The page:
Photography: Arq. Psj. Carlos Escalante Castro

Pedro Camarena is a Landscape Architect from the National Autonomous University of Mexico with a Master’s Degree in Sustainable Development
from the University of Lanús / FLACAM, Argentina (2009).

Co-founder of the LAAP Workshop, focused on landscape architecture, urban interventions and proposals on a territorial scale, he is professor of the Design Workshop in the Academic Unit of Landscape Architecture of the UNAM and visiting professor in the Master in Landscape Architecture of the Marist University of Mérida, Yucatán.

He is a Program Consultant for the Ecological Control Program of the UNAM Campus and for the Ecological Reserve in Pedregal de San Angel. He is also specialized in ecological restoration, green infrastructure and mobility, and has published works on these topics.

“The landscape architect has 3 tasks, designing, restoring and disseminating the natural and cultural landscape.”

Fotografía: Arq. Begoña Sordo

Photography: Arq. Begoña Sordo


It has to do with different aspects, one is the landscape design, which as landscape architect you must fight for it because that is your leitmotiv, to be there to design the landscape. However, there are reserves that remain in their original landscape, in those cases you must work only in those areas where the landscape has deteriorated. Then, we enter a field that has to do with restoration, that is to understand the ecosystem, the flora, the fauna and in general the geosystem that makes up the reserve. We try to understand the mineral world, the rock, the soil, the subsoil, the hydrology, the climate, all the elements of the physical environment, not only to design but to make the landscape world known from a vision, not as naturalistic as Ecologists would do it, but in a more colloquial way, where we not only disseminate the beauty of the place but also the fragility of the site.

Reserva Ecológica del Pedregal de San Ángel
Photography: REPSA


An important part of the challenges is to make the landscape known in its entirety, which is a very broad concept, very complex, and involves many aspects; the landscape architect has the challenge of being able to transmit, through design and construction, the beauty of the landscape. It is not about making an interpretation of the landscape, it is about understanding it in its most minima details and managing to transmit that beauty so that people can identify with it. So, how to transform something that people almost do not see in their day to day, how to rescue those little things, those details and relocate them in its proper dimension to explain it to people and in this way reincorporate them into their daily lives? That for me is one of the most important challenges.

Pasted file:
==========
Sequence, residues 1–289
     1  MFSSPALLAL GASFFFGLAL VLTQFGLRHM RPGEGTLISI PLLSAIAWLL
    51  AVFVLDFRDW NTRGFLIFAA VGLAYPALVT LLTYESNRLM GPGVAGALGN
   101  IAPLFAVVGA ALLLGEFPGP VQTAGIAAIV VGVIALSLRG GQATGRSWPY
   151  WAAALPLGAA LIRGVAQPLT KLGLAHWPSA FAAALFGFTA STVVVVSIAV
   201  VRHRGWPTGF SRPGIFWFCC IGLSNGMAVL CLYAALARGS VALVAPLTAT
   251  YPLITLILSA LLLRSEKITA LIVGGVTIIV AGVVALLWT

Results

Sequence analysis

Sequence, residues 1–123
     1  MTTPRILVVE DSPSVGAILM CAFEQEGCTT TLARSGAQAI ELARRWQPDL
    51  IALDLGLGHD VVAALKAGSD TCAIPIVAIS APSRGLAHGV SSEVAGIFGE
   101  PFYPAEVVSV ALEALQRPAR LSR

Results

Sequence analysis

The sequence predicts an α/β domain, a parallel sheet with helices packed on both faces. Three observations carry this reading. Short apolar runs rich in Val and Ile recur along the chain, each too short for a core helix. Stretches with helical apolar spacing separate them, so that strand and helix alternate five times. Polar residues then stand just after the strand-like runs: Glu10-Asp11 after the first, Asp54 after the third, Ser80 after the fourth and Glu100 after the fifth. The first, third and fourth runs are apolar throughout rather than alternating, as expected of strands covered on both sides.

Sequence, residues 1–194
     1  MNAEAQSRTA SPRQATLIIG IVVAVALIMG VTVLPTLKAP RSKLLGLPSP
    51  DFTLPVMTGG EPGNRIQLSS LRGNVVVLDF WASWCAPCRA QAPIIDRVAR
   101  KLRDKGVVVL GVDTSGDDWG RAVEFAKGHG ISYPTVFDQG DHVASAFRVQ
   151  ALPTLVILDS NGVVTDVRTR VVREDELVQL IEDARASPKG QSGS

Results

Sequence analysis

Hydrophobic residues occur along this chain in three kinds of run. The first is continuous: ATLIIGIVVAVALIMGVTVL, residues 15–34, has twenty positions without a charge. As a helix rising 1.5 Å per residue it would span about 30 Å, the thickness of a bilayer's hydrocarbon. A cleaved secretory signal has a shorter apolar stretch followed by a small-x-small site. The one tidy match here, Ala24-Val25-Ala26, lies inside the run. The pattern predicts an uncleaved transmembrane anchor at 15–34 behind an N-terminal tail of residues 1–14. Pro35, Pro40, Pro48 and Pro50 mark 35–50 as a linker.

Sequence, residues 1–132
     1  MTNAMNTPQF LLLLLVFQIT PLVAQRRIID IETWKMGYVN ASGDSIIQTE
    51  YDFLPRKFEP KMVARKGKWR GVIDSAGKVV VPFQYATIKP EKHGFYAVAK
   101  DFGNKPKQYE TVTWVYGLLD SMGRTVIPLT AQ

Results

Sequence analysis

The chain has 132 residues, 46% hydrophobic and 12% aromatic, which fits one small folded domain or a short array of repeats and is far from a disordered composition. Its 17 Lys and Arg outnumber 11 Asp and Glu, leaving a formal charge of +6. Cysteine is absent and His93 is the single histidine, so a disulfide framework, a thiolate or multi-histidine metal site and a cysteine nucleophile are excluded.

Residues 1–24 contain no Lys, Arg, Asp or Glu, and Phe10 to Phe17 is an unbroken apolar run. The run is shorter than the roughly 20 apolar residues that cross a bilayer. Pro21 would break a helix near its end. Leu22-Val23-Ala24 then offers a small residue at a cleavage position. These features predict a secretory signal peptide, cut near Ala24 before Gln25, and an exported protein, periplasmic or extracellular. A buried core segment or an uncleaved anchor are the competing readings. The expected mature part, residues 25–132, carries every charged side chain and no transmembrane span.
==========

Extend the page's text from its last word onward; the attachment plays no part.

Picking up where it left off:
There are other more conventional ones like the challenge of making a natural reserve more visitable. You have to find where and how to take people to meet that beauty of the reserve. Another challenge is to design these routes, where to take you, how to take you, and to see what. Another point is how to correspond in those areas that are not far away from the city, as in the Reserve of Pedregal, where I used to work, which is surrounded by a city but at the same time is the basis of a relic ecosystem that survives by itself. The challenge is how to design so that people understand what to do and what not to do inside the reserve, how to behave.

Photography: Lena Struwe


It would be desirable for the community to understand the reserve in which they live, if the community does not understand that it is inside an ecological reserve it begins to negatively affect it, the rubbish shot, the disposal of waste in the water, the indiscriminate extraction of some element of the flora, the indiscriminate hunting of some species. The majority of protected natural reserves in Mexico have communities living either within the reserve or in proximity to them. Therefore, the role of environmental communicators and environmental designers, including landscape architects is essential. It is an obligation to serve the community in order to work together with it.

Arq. Pedro Camarena
Photography: REPSA

The local communities possess knowledge, the DNA of the landscape, they are the ones who know and can transmit you very valuable information about the conservation, maintenance and management of the landscape within a natural reserve. You have to work with people, make them part of the design in all its versions. The knowledge of the people who have populated the landscape has a lot of value in terms of the resilience of the landscape. There are people who know what to do in cases of natural disasters, and the landscaper must try to understand all these relationships in order to work with them, to maintain as much as possible a particular landscape that gives character and identity to the people, the zone or the region.

Reserva Ecológica del Pedregal de San Ángel
Photography: REPSA

“Local communities should be part of the project proposal and then of the management and conservation of natural reserves.